“To us he is no more a person
now but a whole climate of opinion
under whom we conduct our different lives.”
On a lesser scale, the poet WH Auden’s words about Sigmund Freud could apply to Bob Dylan. On his 80th birthday, his influence on the popular music of the West is so pervasive that it runs unnoticed, like blood in the vein.
It was his monumental presence over more than 50 years that prompted the Nobel committee’s bold decision in 2016 to award him the literature prize. “Alfred Nobel wanted to reward those who have conferred the greatest benefit on mankind,” the committee explained.
If one accepts that the annual Nobel jamboree essentially celebrates the cultural products of the United States, Europe and their offshoots, the size of his footprint is beyond question. Artists such as Neil Young, Jimi Hendrix and The Beatles owe him a vast debt. His songs have been covered by more than 2 700 musicians, from Queens of the Stone Age to the Soweto Gospel Choir. Blowin’ in the Wind has been recorded 375 times.
Are his songs literature? That’s a matter of definition. Some critics point out that the ancients sang their poems – hence the term “lyric”, from the stringed instrument that accompanied them, the lyre. But whatever quality is conveyed by the word “poetic” – and it seems related to a sense of the world’s impermanence – Dylan’s songs were charged with it in the 1960s and have had less and less of it over time.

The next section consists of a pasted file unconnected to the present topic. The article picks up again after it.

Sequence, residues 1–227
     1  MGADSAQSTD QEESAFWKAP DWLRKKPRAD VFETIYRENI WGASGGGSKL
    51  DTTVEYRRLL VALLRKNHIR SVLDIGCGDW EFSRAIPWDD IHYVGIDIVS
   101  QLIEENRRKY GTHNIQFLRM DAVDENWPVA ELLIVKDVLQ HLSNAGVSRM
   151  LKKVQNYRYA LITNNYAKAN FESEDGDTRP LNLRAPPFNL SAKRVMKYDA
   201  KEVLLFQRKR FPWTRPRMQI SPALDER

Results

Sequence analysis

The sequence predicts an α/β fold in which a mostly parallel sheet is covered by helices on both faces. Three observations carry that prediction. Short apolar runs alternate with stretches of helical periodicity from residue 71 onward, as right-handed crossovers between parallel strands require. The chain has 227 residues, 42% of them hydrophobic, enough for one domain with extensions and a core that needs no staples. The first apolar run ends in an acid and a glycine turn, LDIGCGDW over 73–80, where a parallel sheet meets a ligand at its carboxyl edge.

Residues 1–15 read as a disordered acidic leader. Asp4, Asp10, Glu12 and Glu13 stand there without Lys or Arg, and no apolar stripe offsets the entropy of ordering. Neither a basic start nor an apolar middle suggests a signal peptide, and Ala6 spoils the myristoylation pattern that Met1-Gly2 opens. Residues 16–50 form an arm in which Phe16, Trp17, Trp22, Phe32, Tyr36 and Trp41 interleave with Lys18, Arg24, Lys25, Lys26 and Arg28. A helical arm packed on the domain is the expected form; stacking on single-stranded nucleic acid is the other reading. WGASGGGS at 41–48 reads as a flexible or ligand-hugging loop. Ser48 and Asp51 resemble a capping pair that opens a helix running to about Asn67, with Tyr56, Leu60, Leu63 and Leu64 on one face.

The Dylan Hurricane
Beat poet Allen Ginsberg, who knew him personally, remarked that the Dylan of the early years radiated an almost shamanistic potency; for Joan Baez, everything he did was “touched by genius”.
On his debut album, Bob Dylan, all but two of the tracks were traditional – but it was immediately plain that something extraordinary had landed. Here was a 21-year-old who seemed to be haunted by death. Almost every track touched on the subject; the blues classics Fixin’ to Die and See that my Grave is Kept Clean were rendered in such an individual way, and with such intensity, that they carried more emotional clout than the originals.
And that voice! For folk fans attuned to Baez’s virginal sub-operatic soprano, and the “angel and two cellos” of Peter, Paul and Mary, Dylan’s harsh nasal keening was a brutal assault. But it lent itself to the burning emotion of his songs, entrenching the principle that voices should be judged by their expressiveness, not beauty, and clearing the way for the gloom of Leonard Cohen and the gravel of Tom Waits.